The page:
By Frances Jones
The “Six Layers of Why” is a mental exercise consultants use to deliver recommendations to a client, in the client’s own language. The technique is simple. When you hit a roadblock ask, “Why?” When you’ve gotten the answer, ask the same question again. Repeat four more times. Although asking the same question over and over may initially seem irritating or childish, it can often lead to unexpected answers or insights. Exploring the “Six Layers of Why” ensures you haven’t left any ideas unturned.
Here’s an example. I was recently working on re–branding a client to attract a more upscale clientele. As I began researching their brand language, I discovered a product description that could only be described as down–market. My first instinct was just to say, “Change it.” Yet by tabling this impulse and asking, “Why?” we started digging into the issue. Asking, “Why?” five further times was edifying. After their initial reaction, “It’s always been that way,” they admitted the decision was made by the founder’s son in the 1940s to bring in customers. With this information, I was able to appeal to their sense of heritage – and logic – in my request that they change their description. Evolving their language has helped them to attract the customers they were seeking.
Why Ask “Why” in Your Job Search
Say, for example, you are looking for a job in marketing, but you’ve been at your current job for some time, or you’ve been off the market for awhile. Simply dusting off your old resume won’t be enough. You’ll have to re–word many roles to make it sound current and alive. I recommend researching today’s job postings for positions you might target. What you’ll discover is that – while the basic elements of the job haven’t changed – the way people talk about those elements may have.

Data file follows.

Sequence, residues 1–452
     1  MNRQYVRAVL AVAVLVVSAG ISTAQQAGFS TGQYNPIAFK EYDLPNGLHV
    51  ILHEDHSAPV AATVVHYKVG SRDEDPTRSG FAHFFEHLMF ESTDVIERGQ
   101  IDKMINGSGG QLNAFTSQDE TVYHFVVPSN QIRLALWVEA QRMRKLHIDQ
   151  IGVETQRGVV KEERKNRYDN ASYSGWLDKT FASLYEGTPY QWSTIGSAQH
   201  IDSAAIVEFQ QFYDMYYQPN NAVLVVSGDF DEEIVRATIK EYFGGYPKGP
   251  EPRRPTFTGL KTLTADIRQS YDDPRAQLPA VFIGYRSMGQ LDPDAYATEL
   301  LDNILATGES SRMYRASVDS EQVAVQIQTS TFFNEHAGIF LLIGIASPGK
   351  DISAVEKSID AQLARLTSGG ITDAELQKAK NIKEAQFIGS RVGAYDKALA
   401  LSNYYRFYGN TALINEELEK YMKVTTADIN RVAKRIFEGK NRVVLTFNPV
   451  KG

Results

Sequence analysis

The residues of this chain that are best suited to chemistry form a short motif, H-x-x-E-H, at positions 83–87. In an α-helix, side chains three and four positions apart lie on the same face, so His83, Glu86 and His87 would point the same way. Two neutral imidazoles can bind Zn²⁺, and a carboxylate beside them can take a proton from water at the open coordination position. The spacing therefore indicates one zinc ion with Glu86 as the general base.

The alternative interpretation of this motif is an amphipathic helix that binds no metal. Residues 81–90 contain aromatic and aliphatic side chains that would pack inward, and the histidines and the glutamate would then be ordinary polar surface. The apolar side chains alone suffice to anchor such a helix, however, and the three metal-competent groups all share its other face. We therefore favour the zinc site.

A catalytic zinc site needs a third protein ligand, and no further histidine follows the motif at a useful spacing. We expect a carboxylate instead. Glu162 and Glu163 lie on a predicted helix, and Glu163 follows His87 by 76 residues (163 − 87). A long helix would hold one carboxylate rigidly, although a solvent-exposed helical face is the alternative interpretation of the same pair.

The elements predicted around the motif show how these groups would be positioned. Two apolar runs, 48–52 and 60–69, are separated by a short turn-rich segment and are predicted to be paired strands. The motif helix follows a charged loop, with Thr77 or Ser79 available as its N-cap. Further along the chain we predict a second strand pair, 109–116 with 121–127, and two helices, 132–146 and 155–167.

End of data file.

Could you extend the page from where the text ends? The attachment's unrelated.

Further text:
While you’re reading these job descriptions, ask yourself why they’re written the way they are, and why particular skills are either required or highlighted. The answers will help you refocus and update your resume. For instance, what your old resume refers to as ‘managed market research plans’ might now be phrased in more detailed terms like, “ran focus groups to uncover consumer trends.” Wow. That’s more exciting. That’s language that makes me want to get in touch.
As you get ready for your interview the “why’s” can also be extraordinarily helpful. A qualification like, “I was nominated four times for Eastern Sales Manager of the year” is something you could improve upon prior to your face–to–face meeting. Asking yourself the first “why” leads you to the statement, “Because I increased sales 23%.” The second “why”, (in effect, “how?”) probes you to detail how you accomplished this goal. You might respond, “Because I instituted a new approach to talking to customers.” The third “why” gets behind the performance issue you identified. “Why’s” four five, and six can then help you articulate how you plan to add value to a potential company. As you can see, by asking yourself to explain further, you can develop more well–rounded, fully fleshed out answers to common interview questions.
As you hunt for the best fit in your area of expertise, use the “Six Layers of Why” as a helpful tool to position yourself against the pack.
Frances Cole Jones is the author of “How to Wow: Proven Strategies for Presenting Your Ideas, Persuading Your Audience, and Perfecting Your Image” and the President of Cole Media Management, a communications consulting firm in New York City.